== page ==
Genome-edited bull can produce more males

American researchers inserted a gene that is involved in male sexual development into one of the calf’s chromosomes

Scientists at the University of California, Davis, have successfully produced a bull calf that has been genome-edited to produce more male offspring. They did this by inserting the SRY gene into the bovine chromosome 17.

But what does that mean?

On March 30, a black 50 kilogram calf was born at the UC Davis barn. The pregnancy cost about US$500,000 and a team of scientists was anxious to see if the calf would show how to put more steers on the market.

The calf, named Cosmo, has 60 chromosomes, as do all domestic cattle, which includes 58 autosomes (any of the numbered chromosomes) and two sex chromosomes known as X and Y. Males have one X chromosome and one Y chromosome (XY) while females have two X chromosomes (XX).

The SRY gene gives instructions for making a protein called the sex-determining region Y (SRY) protein and it is involved in male sexual development.

“SRY is an acronym for the sex determining region on the Y chromosome,” said Alison Van Eenennaam, a co-operative extension specialist with the university’s animal science department.

“SRY is actually a gene that is expressed at about day 30 of bovine embryonic development and it triggers the male developmental pathway. It turns on everything about being a boy and suppresses everything about being a girl.”

Van Eenennaam said that the research motivation to produce more male cattle is that males are about 15 percent more efficient at weight gain than females and they tend to be processed at a heavier weight.

Theoretically, ranchers could produce the same amount of meat as their traditional herd but with fewer animals and they would still be able to produce some females as replacements while directing a higher proportion of cattle to market.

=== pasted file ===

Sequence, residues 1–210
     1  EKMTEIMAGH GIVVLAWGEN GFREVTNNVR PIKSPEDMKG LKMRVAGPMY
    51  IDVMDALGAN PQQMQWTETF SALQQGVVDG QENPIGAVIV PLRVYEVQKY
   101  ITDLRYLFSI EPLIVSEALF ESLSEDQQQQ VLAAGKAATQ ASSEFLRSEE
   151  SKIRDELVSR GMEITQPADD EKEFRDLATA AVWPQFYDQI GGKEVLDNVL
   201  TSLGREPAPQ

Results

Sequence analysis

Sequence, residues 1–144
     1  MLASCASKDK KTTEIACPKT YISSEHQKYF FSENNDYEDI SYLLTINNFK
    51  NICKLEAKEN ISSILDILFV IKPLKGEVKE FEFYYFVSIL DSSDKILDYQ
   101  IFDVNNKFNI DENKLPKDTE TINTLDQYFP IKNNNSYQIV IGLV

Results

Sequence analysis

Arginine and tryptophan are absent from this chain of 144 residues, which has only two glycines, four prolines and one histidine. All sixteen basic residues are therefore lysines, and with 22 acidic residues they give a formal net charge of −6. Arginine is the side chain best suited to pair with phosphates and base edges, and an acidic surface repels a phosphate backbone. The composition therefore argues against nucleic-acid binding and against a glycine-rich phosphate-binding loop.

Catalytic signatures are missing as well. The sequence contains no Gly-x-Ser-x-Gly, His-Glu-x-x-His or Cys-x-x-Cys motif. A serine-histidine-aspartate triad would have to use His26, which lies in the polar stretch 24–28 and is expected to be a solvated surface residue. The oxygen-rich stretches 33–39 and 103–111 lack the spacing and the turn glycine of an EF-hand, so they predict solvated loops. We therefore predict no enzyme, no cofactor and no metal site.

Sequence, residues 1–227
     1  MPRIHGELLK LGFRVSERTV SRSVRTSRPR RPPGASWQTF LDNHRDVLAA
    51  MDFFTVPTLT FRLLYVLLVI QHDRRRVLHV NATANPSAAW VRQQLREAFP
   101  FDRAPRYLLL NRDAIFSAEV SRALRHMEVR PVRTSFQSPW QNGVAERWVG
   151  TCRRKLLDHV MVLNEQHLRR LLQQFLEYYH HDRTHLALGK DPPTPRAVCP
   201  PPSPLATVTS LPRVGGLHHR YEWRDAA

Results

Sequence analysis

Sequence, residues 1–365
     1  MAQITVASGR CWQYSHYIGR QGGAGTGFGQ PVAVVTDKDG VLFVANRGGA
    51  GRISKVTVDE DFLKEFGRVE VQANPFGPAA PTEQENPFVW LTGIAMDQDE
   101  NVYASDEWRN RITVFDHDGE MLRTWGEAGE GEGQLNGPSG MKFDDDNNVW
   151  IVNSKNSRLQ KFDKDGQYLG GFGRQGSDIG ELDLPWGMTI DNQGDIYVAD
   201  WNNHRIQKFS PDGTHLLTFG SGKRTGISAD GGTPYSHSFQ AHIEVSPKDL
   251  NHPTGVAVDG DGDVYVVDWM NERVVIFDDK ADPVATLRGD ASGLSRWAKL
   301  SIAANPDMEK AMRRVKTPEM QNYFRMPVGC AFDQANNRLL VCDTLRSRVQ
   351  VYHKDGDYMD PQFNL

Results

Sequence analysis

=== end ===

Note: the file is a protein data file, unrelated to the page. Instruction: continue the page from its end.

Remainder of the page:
Making the research work required the use of CRISPR-Cas9 technology, which is faster, more accurate and more efficient than previous gene-editing methods.

UC Davis researchers took two and a half years to find a successful way to insert a gene into a developing embryo and another two years to successfully establish a pregnancy after a series of failures transferring gene-edited embryos into surrogate heifers. The original plan was to insert (or knock in) the SRY gene on the X chromosome. But that would have produced only male offspring. The goal was to have more males, but not exclusively all males.

“It was a long process and we were never able to do that successfully in the X chromosome,” said Van Eenennaam. “We tried for nearly five years and we were unsuccessful. We ended up moving to chromosome 17, which is known as a genomic safe harbour site. It is a place where you can put a gene and it doesn’t cause any issues or disrupt the expression of adjacent genes.”

Twenty-two genome-edited embryos reached the blastocyst stage, a time when the ball of dividing cells implant into the wall of the uterus. Nine of those indicated a successful knock-in and, at day 7, they were transferred to surrogate heifers. But just one of those, a heifer with ear tag 3113, was confirmed pregnant at day 35 and the fetus confirmed as a male at day 68.

Van Eenennaam said that Cosmo, as an XY male, should be fertile and half his sperm will carry the SRY gene on chromosome 17.

“The interesting question is whether his XX offspring that inherit the SRY gene are going to appear to be male,” she said.

Cosmo is expected to reach sexual maturity next year and the plan is breed him so researchers can study if inheriting the SRY gene on chromosome 17 will actually trigger the male development pathway in XX female embryos and start the process for them to grow and look like males.

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